1 tablespoon corn syrup (optional)
for the mocha mayonnaise cake:
170 grams (3/4 cup, 1 1/2 sticks) butter, soft
460 grams (2 cups packed) brown sugar
1 1/4 teaspoons kosher salt
2 egg yolks
220 grams (1 3/4 cups) flour
90 grams (3/4 cup) cocoa powder
1 1/4 teaspoons baking soda
1 teaspoon baking powder
1 tablespoon apple cider vinegar
180 mL (3/4 cup) milk
180 mL (3/4 cup) coffee
60 mL (1/4 cup) mayonnaise
for the cherries in kirsch:
275 grams cherries, weighed pits and all
1/4 cup kirsch
1/4 cup sugar
1 teaspoon apple cider vinegar
for the cherry Italian meringue buttercream:
reserved (reduced) cherry kirsch juice, recipe above
2 egg whites
115 grams (a smidge more than 1/2 cup) sugar
big pinch kosher salt
30 grams (2 tablespoons) water
220 grams (2 sticks, 1 cup) butter, diced and cool
1 drop red food coloring, optional
for the whipped quark filling:
227 grams (8 ounces) quark
360 mL (1 1/2) cups heavy cream
100 grams (3/4 cup) powdered sugar
First, make the macarons (can/should be done 1 day ahead): sift confectioner’s sugar, almond flour, and cocoa powder together.
Discard the large pieces of almond flour that don’t fit through the sieve.
Add one 85 gram portion of egg whites to the sifted ingredients and stir very well until a thick, uniform paste forms; set aside.
Prepare 2 baking sheets with parchment and a pastry bag with a large round tip; preheat oven to 350 degrees F.
Place the other 85 gram portion of egg whites into the bowl of a stand mixer fitted with the whisk attachment with a pinch of cream of tartar or a drop of vinegar.
Place the sugar, water, and a pinch of salt into a small pot; fit the mixture with a candy thermometer.
Begin to heat the syrup on medium heat; when the temperature reaches 180 degrees, begin to whip the egg whites; when it reaches 220, the egg whites should be approaching soft peaks; at 240, they should be at soft peaks.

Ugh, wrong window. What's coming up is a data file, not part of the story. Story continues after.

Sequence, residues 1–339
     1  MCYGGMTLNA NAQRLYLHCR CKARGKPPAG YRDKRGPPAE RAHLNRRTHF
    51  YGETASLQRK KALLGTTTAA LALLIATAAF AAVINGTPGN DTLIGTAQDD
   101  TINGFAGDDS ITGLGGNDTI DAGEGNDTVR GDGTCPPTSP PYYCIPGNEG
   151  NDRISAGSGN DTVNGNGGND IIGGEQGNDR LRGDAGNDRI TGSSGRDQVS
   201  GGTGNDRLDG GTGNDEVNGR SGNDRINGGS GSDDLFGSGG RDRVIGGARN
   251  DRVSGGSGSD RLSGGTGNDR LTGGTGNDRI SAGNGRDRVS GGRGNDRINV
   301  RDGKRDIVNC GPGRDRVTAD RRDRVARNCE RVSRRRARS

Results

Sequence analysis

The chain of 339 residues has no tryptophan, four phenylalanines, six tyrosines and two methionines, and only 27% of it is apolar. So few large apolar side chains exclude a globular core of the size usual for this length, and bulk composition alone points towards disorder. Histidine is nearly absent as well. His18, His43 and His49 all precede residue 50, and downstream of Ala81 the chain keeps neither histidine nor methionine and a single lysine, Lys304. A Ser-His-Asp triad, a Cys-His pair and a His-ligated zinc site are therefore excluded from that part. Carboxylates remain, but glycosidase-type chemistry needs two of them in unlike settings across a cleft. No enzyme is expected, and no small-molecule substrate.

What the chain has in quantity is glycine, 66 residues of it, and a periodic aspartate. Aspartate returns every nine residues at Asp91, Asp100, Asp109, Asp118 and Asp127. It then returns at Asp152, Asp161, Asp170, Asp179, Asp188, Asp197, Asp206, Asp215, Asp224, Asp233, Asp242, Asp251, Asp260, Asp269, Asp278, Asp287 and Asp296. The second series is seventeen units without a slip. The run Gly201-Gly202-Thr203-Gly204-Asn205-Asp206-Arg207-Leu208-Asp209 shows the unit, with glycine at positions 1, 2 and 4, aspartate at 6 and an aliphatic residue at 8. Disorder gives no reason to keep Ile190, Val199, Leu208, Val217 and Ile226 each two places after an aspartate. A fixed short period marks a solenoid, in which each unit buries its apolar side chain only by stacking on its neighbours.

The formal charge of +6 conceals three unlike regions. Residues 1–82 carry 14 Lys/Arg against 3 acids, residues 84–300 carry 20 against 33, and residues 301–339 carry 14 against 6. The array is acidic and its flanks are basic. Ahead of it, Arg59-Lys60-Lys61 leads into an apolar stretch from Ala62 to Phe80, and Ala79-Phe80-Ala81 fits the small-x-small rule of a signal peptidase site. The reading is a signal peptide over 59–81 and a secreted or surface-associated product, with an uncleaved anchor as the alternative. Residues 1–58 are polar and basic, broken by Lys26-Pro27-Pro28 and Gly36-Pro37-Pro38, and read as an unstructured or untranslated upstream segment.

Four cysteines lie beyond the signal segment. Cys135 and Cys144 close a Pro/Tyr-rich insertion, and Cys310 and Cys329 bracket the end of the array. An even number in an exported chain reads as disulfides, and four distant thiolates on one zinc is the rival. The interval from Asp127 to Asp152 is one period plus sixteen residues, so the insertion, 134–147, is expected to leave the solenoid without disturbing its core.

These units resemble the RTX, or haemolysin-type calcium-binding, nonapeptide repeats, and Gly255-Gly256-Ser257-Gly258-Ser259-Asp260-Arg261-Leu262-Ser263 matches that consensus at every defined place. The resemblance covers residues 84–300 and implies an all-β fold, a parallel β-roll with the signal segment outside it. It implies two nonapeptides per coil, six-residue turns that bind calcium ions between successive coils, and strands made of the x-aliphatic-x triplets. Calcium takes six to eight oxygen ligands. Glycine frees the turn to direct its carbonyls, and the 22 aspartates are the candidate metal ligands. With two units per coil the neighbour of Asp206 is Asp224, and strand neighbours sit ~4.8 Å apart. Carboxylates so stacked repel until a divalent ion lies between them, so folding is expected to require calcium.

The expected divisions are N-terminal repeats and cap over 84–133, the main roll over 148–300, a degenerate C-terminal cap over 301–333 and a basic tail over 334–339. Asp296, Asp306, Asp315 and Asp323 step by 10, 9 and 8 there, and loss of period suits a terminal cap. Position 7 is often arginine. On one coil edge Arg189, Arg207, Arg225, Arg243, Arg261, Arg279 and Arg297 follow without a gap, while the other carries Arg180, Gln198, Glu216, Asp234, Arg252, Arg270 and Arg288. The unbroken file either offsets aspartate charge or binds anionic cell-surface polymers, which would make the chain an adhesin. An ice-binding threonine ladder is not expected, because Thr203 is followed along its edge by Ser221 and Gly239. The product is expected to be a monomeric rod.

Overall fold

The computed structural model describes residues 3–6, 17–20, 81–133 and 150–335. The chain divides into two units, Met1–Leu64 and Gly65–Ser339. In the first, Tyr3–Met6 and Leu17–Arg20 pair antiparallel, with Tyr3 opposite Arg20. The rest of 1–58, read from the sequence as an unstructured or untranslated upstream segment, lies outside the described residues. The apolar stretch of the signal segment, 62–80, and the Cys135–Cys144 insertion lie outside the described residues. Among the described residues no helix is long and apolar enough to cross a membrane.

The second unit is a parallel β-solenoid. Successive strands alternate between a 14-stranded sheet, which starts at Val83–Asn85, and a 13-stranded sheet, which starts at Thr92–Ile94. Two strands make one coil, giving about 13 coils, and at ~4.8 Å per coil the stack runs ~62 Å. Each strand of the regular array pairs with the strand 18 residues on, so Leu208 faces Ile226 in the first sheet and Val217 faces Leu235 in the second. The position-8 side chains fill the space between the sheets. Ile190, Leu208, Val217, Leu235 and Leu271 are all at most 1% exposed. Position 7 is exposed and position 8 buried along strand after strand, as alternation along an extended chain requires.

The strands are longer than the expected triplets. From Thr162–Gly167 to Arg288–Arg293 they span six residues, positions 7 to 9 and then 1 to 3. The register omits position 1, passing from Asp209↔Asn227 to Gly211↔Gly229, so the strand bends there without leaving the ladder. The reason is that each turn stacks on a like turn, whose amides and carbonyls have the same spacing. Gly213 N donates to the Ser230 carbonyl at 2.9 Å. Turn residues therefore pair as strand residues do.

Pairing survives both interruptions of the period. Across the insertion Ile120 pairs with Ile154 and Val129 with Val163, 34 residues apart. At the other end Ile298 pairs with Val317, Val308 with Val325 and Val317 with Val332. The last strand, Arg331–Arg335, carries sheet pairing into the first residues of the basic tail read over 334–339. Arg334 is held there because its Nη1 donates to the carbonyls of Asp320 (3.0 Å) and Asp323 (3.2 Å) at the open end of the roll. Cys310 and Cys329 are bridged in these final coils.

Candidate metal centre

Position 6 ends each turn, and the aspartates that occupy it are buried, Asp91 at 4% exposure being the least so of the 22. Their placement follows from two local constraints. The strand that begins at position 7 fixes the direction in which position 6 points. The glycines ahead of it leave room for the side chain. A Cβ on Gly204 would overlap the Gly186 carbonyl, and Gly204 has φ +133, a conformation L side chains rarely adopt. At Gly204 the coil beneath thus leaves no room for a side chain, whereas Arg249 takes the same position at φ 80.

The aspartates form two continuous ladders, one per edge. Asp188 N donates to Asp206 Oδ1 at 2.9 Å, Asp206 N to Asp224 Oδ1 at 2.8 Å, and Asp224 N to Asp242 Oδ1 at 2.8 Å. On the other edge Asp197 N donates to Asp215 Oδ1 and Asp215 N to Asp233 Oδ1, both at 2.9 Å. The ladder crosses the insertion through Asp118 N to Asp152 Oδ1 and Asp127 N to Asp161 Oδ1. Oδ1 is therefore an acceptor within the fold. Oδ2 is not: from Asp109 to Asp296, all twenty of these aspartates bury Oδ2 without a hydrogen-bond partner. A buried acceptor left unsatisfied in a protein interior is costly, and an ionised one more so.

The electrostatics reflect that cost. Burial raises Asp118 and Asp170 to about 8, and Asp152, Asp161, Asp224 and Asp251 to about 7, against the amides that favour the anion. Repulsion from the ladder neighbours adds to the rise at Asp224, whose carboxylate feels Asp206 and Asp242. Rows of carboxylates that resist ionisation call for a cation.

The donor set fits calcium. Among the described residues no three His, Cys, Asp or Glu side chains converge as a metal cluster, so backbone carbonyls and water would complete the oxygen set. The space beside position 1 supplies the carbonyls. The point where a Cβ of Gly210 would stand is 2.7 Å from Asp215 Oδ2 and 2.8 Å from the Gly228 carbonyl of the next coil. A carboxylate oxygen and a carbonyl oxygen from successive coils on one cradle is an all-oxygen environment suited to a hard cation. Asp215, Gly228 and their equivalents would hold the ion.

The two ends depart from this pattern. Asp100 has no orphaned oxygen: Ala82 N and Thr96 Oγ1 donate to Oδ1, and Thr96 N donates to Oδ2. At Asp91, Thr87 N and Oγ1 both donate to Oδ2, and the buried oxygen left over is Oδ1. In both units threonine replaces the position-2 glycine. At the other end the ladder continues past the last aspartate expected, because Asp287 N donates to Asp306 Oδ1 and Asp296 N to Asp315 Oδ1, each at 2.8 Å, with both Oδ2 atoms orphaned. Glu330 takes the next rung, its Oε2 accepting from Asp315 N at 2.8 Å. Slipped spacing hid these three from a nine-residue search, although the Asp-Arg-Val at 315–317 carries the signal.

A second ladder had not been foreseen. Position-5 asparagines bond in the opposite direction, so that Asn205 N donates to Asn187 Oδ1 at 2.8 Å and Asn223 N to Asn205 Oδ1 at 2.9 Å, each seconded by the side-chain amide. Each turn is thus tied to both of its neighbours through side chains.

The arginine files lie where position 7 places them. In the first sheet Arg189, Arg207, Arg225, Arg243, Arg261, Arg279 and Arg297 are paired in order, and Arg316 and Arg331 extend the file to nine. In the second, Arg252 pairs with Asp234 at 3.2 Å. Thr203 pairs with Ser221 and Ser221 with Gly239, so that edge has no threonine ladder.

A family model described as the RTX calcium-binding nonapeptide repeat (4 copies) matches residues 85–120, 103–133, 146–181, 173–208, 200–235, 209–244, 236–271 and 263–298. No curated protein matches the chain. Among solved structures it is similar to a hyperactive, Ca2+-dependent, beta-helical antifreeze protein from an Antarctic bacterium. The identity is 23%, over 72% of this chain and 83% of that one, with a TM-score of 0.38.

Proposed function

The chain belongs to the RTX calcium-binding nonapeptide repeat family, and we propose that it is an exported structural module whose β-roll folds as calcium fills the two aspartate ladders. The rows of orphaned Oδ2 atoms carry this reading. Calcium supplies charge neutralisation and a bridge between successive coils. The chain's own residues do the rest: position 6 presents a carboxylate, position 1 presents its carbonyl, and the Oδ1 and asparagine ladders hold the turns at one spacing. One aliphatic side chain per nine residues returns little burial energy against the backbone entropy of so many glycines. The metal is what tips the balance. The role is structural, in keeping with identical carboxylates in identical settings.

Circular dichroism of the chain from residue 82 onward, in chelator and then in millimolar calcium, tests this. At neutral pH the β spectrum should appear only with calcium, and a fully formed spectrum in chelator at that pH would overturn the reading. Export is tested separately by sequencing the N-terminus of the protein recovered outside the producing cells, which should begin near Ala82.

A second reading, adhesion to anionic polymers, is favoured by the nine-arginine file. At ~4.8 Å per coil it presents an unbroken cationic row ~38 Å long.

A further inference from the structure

Remove the syrup from the heat when it reaches 245 degrees F; pour it, carefully, into the whipping egg whites, being careful not to splatter the whisk attachment with hot syrup (aim for the side of the bowl).
Allow the meringue to whip until it is glossy and stiff-peaked, about 3 minutes.
Take 1/4 of the meringue and stir it vigorously into the almond paste, to lighten the stiff paste somewhat.
Add the rest of the meringue and carefully begin to fold the mixture together.
Stop the macaronage when the mixture flows like lava/makes a ribbon/reabsorbs a blob after 10 seconds.
Fill the prepared pastry bag and pipe out small macarons on both of the sheets.
Place the first sheet in the oven and reduce the temperature to 325 degrees F.
Bake until a cookie lifts off of the sheet cleanly, about 12-15 minutes.
Raise the oven temperature once more and place the second sheet in the oven; reduce the oven temp and bake as before.
Allow the cookies to cool completely.
Make the ganache: place the chocolate, corn syrup, and salt in a bowl and heat the cream to just before boiling, either in the microwave or on the stovetop.
Once the cream is hot, pour it over the chopped chocolate and leave it to sit for 2 minutes.
Gently begin to whisk; continue until the mixture comes together in a glossy, shiny glaze.
Place half of the ganache aside for glazing the finished cake and the other half in the fridge to cool.
Once the chilled portion is significantly thickened and cool to touch (but not solid!), whip it with a hand or stand mixer until it is fluffy and lightened in color, about 2 minutes.
Set aside 1/2 of the shells to layer inside the cake; pair up all the other shells.